It’s always half disappointing to watch old Disney films (oh, I’m going to break that effort I claimed I was going to make now, sorry!), as it’s always a reminder of what the company used to produce, as compared to the dreck that oozes out of it these days–even if it does work out some quality pictures from time to time still. What was once a studio built around fantastically beautiful, iconic, engaging and creative animated films has become a soulless corporation so clearly interested in money over experimentation and expansion (despite, ironically, now having the money to do both more readily) that seeing something as beautifully rendered as Peter Pan is just saddening. What Disney pictures were was a way of adapting stories, usually children’s stories, into more kid friendly (don’t ask me!) forms, set to unknown chorale’s angelic voices and carefully rendered cel animation. The grace and fluidity of the Disney animation studio’s heyday seems unmatched even by itself–when watching the movement of many of the characters, especially the more relaxed or feminine ones, there’s just a stunning flow to each motion that computer-based animation (and I don’t just mean CGI, but cel-imitating computer animation) just can’t match.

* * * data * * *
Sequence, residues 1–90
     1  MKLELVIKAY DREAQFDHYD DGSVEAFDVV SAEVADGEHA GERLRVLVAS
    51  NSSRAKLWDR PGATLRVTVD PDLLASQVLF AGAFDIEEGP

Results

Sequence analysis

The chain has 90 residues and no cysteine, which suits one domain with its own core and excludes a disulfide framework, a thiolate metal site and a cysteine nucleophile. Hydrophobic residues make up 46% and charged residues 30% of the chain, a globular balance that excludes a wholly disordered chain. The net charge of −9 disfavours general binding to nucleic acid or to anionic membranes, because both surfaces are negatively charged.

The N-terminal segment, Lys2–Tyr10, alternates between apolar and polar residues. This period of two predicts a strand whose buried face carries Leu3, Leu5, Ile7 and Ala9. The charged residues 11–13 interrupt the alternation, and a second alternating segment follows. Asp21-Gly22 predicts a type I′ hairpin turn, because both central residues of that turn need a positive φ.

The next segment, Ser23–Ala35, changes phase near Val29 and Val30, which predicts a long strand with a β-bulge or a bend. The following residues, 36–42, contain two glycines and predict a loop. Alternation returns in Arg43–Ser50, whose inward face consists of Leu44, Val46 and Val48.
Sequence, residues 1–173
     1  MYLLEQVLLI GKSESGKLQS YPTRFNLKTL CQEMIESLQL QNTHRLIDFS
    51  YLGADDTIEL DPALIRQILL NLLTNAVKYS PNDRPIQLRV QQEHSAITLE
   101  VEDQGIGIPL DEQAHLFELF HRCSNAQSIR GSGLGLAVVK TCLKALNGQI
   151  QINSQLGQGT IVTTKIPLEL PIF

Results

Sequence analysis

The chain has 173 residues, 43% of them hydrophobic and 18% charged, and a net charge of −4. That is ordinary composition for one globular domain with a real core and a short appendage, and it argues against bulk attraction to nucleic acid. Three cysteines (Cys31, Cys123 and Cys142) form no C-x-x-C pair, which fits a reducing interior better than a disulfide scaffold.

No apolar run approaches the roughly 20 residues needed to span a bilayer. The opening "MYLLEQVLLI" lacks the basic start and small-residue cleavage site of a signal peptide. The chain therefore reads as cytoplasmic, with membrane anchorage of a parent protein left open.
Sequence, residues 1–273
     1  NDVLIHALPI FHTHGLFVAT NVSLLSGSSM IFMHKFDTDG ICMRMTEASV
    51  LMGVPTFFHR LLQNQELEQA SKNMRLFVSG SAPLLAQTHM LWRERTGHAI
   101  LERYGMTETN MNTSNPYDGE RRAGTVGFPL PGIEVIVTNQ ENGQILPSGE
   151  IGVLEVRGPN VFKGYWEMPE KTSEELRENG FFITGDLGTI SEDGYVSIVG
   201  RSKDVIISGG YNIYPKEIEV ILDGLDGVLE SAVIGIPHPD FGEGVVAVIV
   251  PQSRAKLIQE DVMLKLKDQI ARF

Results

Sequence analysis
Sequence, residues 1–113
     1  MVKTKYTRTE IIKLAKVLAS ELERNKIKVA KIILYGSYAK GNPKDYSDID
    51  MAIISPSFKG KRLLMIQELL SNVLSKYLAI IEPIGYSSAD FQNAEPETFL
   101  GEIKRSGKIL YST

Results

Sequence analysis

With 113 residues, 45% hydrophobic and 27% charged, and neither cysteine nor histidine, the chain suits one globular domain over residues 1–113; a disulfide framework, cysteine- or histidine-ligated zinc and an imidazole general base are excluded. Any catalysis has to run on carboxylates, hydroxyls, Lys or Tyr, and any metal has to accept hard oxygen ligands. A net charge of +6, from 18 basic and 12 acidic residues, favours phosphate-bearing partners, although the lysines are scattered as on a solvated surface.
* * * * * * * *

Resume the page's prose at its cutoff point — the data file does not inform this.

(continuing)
In the space of short running times, Walt Disney’s studio always produced movies that seem both action-packed and full-featured to children, while managing to go no further than their (typically) limited attention spans. The adaptations were rarely completely (if at all) faithful, but usually at least struck closer (with sexual overtones or violence toned down or removed) than ones like Hercules (sorry, I really hated that movie). They were not so intent on laying messages out at the feet of children, but managed to consistently convey the ones intended by the original stories, however subtly.
I’ve got to say that this film holds up well for me as an adult, never outreaching its grasp, and often exceeding my expectations–even having seen it numerous times as a child, with clever shots and animations (many involving Tinkerbell). It’s also fun to hear Hans Conried’s voice, distinctive as it is (as is Bill Thompson’s actually–and I never before noticed the floating Cockney accent before), as my memory was tickled into a chuckle over realizing Conried was also the voice of that dastardly villain Snidely Whiplash.
I’ve also got to say I’m proud of myself for not ranting too heavily on Disney as it currently exists. Please do watch these old classics though–they are indeed classics and very entertaining, well-produced films, despite the endless merchandising and recycling they’re all beaten through, whether they fit or not, by the modern incarnation of that production company.